Audio News for May 10th to May 16th, 2009

Welcome to the Audio News from Archaeologica!  I'm Laura Kelley and these are the headlines in archaeological and historical news May 10th to May 16th, 2009.


Mayan tomb may contain second king of Copán


Our first story is from Honduras, where archaeologists believe they have found the remains of a king of the pre-Colombian Mayan civilization.  Working at Copán (co-PAHN), one of the biggest Mayan cities, a team from the Honduran Anthropology and History Institute has found bones that may belong to one of the 16 Mayan kings in the dynasty of Copán.  According to the director, Darío Euraque (da-REE-oh eh-u-RAH-kay), the grave in the Temple of Oropéndola (Oh-roh-PEN-do-la) contained the remains of a man about 30 years old, standing between 5 and 5 and a half feet tall.  The Temple of Oropendola dates between A.D 550 and 700.  The bones were in poor condition because a roof covering had collapsed on top of the grave, but the man’s teeth have been well preserved and will yield abundant information.  Both radiocarbon dating and DNA analysis will allow the researchers to test whether this is indeed the son of the well-known first ruler of the dynasty, who was himself linked to the central Mexican site of Teotihuacan (teh-o-tee-wa-CAHN).  Artifacts found with the tomb, some 3 meters below the main room of the Temple of Oropéndola, include a floor painting that appears to show the type of game associated with Mayan rituals and kings.  A very large piece of jade was also found in the recent excavations, along with jade necklaces or collars, decorated ceramics, and other artifacts.  The pre-Columbian Mayan civilization thrived in what is now Guatemala, Honduras, El Salvador, southern Mexico and Belize until its decline and apparent collapse around AD 1000.

Newest underwater technology will map oldest sunken city in Greece


In Greece, the oldest submerged town in the world is about to give up its secrets.  The ancient town of Pavlopetri (pahv-lo-PET-ree) lies in three to four meters of water just off the coast of southern Laconia.  The ruins date from as early as 2800 BC through the later Mycenean period, 1680 to 1180 BC.  The sunken city contains intact buildings, courtyards, streets, chamber tombs and some thirty-seven cist graves thought to belong to the Mycenaean period.  Underwater archaeologist Jon Henderson, from the University of Nottingham, will be the first archaeologist to have official access in four decades to the site, where no work has been carried out since it was first mapped in 1968.  Although Mycenaean power was largely based on their control of the sea, little is known about the workings of the harbor towns, as archaeology has focused on the better-known inland palaces and citadels.  Pavlopetri presumably was once a thriving harbor town where the inhabitants conducted local and long-distance trade throughout the Mediterranean.  The site thus offers major insight into the largely unknown economics and long-distance political relations of Mycenaean society.  The project will focus on learning the history and development of Pavlopetri, when it was occupied, what activities were carried out in the town and, through systematic study of the geomorphology of the area, the sequence of events that led to the town’s disappearance beneath the sea.  According to Dr. Henderson, the site is of rare international archaeological importance for its extensive but fragile remains, which need to be accurately recorded and preserved before they are lost forever.  The submerged buildings, courtyards, streets, tombs and graves lie just off a sandy stretch of beach.  It is threatened by both tourism boats that drag their anchors through it and inquisitive divers on the hunt for souvenirs.  Both activities have severely damaged the remains.  The growth of marine organisms is also taking a toll, degrading the fragile 3,500-year-old walls.  The survey will be carried out using equipment that was originally developed for the military and offshore oilfield exploration.  The application of these instruments to marine archaeology could transform the survey and recording of underwater remains.  Over the next four years, Henderson’s team will use an acoustic scanner for a digital underwater survey of the site that will be accurate down to the millimeter.  The equipment can produce photo-realistic, three dimensional digital surveys of seabed features and underwater structures to sub-millimeter precision in a matter of minutes.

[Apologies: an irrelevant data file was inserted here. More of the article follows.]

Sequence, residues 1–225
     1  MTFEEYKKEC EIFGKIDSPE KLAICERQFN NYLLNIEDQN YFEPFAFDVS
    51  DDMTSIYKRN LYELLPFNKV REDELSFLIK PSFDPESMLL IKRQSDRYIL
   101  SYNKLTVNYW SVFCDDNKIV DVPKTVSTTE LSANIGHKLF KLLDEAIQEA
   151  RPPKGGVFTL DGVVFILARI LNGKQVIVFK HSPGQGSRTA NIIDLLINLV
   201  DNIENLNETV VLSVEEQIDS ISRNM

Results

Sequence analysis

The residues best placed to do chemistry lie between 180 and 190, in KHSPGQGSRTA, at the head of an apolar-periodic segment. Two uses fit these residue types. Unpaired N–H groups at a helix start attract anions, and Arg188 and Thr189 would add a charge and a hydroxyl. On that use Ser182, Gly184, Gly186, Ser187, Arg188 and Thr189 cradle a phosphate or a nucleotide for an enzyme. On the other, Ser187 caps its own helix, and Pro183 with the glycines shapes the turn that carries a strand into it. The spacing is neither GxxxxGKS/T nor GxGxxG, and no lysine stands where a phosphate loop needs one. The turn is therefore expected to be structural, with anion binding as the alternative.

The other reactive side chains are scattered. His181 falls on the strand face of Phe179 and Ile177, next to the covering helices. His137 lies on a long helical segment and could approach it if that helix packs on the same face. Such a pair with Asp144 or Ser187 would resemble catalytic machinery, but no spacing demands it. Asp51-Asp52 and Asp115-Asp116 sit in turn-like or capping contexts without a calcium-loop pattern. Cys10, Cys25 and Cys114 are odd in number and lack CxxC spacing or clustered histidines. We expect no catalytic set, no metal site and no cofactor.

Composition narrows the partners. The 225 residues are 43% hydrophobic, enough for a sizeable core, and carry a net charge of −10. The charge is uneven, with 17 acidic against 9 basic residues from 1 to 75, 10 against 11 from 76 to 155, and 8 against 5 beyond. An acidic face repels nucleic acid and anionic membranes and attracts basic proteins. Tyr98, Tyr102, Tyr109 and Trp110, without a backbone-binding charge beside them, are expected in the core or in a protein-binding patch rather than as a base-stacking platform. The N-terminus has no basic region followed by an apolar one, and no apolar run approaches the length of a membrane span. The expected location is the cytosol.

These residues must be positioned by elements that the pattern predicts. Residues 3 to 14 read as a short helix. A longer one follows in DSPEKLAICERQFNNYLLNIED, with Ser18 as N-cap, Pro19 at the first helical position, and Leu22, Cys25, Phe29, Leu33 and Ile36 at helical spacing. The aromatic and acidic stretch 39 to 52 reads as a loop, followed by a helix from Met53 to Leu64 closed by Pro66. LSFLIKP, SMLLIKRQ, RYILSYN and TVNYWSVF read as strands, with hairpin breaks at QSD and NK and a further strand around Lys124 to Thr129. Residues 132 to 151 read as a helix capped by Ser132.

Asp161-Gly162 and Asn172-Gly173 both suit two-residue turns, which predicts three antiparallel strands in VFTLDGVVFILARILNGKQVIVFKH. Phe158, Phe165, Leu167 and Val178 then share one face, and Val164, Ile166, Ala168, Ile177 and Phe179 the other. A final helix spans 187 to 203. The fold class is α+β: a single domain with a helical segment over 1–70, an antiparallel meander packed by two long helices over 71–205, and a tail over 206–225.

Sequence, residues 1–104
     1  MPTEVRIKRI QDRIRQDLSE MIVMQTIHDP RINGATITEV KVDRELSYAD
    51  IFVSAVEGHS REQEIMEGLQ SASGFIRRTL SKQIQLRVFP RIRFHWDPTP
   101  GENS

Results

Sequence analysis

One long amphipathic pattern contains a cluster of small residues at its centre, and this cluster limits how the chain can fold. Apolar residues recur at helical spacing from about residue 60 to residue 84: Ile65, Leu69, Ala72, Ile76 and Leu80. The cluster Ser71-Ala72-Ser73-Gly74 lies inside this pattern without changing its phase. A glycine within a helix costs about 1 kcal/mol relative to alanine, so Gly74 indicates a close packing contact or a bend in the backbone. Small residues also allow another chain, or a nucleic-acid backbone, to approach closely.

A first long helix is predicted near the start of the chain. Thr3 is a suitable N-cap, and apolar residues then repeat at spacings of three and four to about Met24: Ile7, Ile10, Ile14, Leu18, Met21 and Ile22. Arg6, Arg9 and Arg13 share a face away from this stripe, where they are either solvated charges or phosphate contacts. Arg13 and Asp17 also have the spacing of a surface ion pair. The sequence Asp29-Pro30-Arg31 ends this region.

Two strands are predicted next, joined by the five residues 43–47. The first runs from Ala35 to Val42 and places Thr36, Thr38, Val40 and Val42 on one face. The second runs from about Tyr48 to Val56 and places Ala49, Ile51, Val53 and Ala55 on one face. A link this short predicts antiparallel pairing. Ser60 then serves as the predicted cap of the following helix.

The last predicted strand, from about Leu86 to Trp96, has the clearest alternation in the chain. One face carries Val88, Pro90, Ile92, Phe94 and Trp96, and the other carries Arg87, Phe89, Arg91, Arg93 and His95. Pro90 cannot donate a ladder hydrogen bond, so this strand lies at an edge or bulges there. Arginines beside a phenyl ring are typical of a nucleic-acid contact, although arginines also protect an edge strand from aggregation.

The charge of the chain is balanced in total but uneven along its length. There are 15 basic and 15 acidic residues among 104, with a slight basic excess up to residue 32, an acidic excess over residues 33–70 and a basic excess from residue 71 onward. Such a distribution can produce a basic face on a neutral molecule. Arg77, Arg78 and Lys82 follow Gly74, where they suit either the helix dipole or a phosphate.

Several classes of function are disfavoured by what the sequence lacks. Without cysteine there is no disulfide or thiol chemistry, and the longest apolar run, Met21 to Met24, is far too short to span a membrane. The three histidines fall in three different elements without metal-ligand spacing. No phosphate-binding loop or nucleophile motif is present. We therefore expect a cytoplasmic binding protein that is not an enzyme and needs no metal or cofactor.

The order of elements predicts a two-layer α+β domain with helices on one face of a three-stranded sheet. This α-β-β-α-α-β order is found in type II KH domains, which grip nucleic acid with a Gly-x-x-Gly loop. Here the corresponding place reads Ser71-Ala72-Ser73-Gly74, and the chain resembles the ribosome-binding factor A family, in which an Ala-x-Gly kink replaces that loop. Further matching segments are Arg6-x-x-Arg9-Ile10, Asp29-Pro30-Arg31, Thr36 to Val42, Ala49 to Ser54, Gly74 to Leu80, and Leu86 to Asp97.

Volunteers recreate smoke signals to test the range of early Navajo defense network